There was a line down the block in front of the Apple Store on 14th Street at 8:30 on a Tuesday night. No, the new iPhone hasn’t come out. These were all fans of music waiting to see soul singer Jesse Boykins III. The musician has built up a strong fan-base, they roll over 13,000 deep on Twitter, and it sure showed. Apple couldn’t allow any more people in after about 9:15.
Joe Kenneth started off the festivities by reciting a mind-bending and ear-grabbing poem that got the audience’s attention focused right off the bat. Kenneth is a fellow member of The Romantic Movement, which was started by Boykins and embodies the spirit of the reawakening of The Romantic Movement through their passion and pushing of love.
Next up, the video for “The Perfect Blues” premiered on monitors all around the room. The video, directed by Boykins’ right hand art man Dr. Woo, and shot in Tokyo, more than whet the appetite for the crowd. Soon after, Boykins and his band took the stage and the night truly began.
There are certain artists whose music is great when you listen to it in your headphones or speakers, but take it to a whole new level when you see them perform live. Boykins is without a doubt one of those artists. His voice projects and bounces through the microphone and off the walls with such passion and energy that you can’t help but feel it in your soul. His live band consists of two guitarists, a drummer, a trumpeter, and a keyboard player. This added yet another layer to the dynamics of the show. The drums and trumpet were especially powerful components, providing undeniable extra bursts of energy and life to an already heartfelt display of emotion being given through Boykins’ voice.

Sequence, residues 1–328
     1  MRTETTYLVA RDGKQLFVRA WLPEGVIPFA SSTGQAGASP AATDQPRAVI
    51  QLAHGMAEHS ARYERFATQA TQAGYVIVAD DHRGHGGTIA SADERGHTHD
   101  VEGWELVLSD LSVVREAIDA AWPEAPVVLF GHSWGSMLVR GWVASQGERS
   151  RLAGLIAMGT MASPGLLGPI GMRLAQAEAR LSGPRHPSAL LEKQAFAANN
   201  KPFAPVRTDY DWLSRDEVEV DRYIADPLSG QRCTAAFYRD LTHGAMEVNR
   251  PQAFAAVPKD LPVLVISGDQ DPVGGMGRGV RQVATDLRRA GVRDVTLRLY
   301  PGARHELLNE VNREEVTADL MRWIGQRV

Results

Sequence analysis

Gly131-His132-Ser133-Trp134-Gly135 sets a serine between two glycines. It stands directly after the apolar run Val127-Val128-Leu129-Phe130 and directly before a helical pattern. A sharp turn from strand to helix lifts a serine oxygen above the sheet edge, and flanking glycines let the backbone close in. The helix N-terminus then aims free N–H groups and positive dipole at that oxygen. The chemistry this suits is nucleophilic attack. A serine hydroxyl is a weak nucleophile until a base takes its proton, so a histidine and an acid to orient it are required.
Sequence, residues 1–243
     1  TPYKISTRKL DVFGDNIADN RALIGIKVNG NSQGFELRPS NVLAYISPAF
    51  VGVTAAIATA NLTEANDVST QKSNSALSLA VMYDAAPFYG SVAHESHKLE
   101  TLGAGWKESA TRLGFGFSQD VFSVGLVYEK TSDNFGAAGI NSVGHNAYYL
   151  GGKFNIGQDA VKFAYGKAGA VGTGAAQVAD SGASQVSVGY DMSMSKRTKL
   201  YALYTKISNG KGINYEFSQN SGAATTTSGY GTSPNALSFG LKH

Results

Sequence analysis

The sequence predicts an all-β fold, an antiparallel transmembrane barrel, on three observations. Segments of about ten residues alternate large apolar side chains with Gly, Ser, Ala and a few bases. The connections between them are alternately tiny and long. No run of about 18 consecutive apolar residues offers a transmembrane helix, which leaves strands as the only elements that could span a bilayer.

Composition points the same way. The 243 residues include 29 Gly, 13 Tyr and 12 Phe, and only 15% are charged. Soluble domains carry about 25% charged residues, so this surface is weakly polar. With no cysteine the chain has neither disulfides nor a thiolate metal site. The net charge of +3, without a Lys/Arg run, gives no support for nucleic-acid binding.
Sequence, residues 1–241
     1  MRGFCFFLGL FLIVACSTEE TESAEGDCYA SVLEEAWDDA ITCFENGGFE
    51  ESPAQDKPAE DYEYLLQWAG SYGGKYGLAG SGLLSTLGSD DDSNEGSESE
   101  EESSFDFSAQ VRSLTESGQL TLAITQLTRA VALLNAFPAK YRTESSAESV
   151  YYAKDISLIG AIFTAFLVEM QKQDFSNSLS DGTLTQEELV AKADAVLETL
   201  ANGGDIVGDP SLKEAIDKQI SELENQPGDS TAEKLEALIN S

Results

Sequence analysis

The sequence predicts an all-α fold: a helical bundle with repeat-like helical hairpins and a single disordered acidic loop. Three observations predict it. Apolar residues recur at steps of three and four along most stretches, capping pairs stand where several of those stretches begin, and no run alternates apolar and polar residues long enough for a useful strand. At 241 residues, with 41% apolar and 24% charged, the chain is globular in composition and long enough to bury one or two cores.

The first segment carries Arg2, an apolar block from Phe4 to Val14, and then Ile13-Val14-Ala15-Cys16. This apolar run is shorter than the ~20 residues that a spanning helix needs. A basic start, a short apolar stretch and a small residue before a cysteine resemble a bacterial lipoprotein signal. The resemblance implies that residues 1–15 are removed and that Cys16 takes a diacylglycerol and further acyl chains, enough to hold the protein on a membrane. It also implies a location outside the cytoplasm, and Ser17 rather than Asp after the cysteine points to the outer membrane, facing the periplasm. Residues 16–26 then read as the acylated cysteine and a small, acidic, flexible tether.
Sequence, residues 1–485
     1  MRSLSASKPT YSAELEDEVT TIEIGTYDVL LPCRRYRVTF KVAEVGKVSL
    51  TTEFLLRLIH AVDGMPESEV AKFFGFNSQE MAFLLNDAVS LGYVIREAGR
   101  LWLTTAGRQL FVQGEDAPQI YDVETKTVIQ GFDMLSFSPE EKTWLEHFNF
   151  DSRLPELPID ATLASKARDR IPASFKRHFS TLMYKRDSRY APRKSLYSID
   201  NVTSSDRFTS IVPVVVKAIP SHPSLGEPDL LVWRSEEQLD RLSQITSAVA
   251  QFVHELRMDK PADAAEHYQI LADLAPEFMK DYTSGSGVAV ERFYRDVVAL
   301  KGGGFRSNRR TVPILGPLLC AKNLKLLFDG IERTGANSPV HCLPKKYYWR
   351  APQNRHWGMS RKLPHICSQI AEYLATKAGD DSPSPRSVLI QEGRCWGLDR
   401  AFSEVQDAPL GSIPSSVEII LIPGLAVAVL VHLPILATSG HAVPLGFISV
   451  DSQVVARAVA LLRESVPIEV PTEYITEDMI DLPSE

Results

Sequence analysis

Melo-Xtra and MoRuf, fellow musicians of The Romantic Movement, took to the stage mid-performance to perform a few jams from the upcoming group project: Zulu Guru. Both artists held their own extremely well, effortlessly sharing the spotlight with Boykins. Their chemistry on-stage showed how comfortable they are around each other and how well they work together.
Although the venue was packed to capacity, Boykins still managed to keep an intimate environment throughout the entire night. When he wasn’t singing, he made sure t0 interact with the crowd the whole time — whether it be cracking jokes, talking about his work or getting people to sing along to certain melodies (which got especially great when he asked only the guys to sing at one point of this activity, which they were surprisingly good at). The humbleness and down-to-earth manner of Boykins was more than evident and is yet another reason to be a fan of the singer. He’s a free spirit and a romanticist who can connect with everyone.
“Schwaza” is a word that Boykins and his group throw around quite frequently. In a recent interview with Ashley Outrageous, he describes the slang term as “anything that happens that signifies an amazing moment” or “anytime you feel good.” Well, in that case, this sure was a night of Schwaza.
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